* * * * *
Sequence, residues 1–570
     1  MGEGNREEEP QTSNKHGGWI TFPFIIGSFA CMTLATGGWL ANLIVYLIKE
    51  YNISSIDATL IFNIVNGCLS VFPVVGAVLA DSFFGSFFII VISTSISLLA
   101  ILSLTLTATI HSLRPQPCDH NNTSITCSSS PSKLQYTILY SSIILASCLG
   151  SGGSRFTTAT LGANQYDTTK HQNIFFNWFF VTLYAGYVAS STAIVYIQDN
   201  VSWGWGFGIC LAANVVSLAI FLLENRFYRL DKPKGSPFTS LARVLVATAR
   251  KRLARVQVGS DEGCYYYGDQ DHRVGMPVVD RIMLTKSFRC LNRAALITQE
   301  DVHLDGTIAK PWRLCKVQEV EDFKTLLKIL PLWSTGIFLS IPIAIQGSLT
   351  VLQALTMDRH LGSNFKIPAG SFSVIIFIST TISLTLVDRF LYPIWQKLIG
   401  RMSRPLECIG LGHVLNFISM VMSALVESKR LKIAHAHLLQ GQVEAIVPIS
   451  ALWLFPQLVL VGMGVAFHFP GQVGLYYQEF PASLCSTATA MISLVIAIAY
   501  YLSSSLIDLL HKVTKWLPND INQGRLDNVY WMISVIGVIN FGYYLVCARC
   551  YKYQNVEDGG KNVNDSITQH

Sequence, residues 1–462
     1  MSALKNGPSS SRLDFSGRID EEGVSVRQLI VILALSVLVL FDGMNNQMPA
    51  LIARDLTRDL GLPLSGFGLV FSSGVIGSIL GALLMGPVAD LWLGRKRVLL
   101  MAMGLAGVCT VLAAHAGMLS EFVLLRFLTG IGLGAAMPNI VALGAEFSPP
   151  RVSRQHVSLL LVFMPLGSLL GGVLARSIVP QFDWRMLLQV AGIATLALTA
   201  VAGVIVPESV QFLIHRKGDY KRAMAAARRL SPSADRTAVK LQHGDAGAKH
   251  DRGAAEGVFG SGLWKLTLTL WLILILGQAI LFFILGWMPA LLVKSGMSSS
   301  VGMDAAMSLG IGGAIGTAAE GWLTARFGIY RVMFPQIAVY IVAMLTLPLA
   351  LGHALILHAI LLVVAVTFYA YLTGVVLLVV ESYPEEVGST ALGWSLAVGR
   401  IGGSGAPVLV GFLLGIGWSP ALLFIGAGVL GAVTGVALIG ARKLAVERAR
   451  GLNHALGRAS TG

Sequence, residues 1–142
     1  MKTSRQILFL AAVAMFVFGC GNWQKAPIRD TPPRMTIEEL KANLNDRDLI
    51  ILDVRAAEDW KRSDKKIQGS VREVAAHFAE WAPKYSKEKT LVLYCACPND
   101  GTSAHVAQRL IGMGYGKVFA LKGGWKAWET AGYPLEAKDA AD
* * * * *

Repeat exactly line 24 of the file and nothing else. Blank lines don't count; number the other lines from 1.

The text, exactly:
   451  GLNHALGRAS TG